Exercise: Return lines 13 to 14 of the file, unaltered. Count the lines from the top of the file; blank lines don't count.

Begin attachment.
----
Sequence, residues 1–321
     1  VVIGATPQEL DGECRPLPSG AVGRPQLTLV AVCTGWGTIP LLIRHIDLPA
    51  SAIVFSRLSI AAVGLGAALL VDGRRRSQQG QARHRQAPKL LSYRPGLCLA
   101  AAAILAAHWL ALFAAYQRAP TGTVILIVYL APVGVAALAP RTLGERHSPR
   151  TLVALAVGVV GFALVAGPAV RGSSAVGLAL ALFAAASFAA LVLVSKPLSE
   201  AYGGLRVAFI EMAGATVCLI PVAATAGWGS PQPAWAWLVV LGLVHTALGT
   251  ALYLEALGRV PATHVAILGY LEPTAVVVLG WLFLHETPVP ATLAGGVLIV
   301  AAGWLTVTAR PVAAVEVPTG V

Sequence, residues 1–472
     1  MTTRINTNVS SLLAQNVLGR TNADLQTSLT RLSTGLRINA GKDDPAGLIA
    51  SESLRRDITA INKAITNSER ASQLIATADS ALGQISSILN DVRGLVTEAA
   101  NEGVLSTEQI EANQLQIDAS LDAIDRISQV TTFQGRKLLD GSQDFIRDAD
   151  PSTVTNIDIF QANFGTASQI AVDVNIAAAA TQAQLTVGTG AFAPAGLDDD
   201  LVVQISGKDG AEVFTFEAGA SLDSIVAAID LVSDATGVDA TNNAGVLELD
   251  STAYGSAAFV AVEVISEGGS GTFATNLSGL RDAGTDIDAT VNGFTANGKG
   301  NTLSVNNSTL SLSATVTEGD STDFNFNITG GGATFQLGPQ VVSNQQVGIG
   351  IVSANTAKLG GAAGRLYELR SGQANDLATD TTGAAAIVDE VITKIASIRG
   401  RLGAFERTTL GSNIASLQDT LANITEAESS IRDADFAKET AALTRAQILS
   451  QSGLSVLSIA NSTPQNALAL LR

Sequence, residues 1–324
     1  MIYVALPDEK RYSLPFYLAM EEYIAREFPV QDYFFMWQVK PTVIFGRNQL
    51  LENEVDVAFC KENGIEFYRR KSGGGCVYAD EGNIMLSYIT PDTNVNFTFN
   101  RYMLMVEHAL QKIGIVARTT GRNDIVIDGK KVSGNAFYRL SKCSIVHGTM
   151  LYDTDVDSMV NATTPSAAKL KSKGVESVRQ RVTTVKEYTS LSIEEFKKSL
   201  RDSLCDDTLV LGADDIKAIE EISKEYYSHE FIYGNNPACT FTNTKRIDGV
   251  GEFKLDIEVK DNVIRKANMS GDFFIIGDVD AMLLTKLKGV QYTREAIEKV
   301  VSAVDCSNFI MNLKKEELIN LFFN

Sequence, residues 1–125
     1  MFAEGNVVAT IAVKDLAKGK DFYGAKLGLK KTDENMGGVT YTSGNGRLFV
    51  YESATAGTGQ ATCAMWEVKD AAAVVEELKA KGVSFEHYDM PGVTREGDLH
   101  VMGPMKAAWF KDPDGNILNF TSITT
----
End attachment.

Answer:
   151  PSTVTNIDIF QANFGTASQI AVDVNIAAAA TQAQLTVGTG AFAPAGLDDD
   201  LVVQISGKDG AEVFTFEAGA SLDSIVAAID LVSDATGVDA TNNAGVLELD